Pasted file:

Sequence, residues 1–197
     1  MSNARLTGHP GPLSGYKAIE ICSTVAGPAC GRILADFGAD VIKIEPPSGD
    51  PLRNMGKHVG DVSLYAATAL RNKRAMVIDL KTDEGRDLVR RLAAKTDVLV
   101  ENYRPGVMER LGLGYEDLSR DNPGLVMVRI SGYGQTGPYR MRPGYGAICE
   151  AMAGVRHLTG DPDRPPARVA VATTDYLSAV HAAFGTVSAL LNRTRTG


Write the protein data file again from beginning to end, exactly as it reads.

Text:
Sequence, residues 1–197
     1  MSNARLTGHP GPLSGYKAIE ICSTVAGPAC GRILADFGAD VIKIEPPSGD
    51  PLRNMGKHVG DVSLYAATAL RNKRAMVIDL KTDEGRDLVR RLAAKTDVLV
   101  ENYRPGVMER LGLGYEDLSR DNPGLVMVRI SGYGQTGPYR MRPGYGAICE
   151  AMAGVRHLTG DPDRPPARVA VATTDYLSAV HAAFGTVSAL LNRTRTG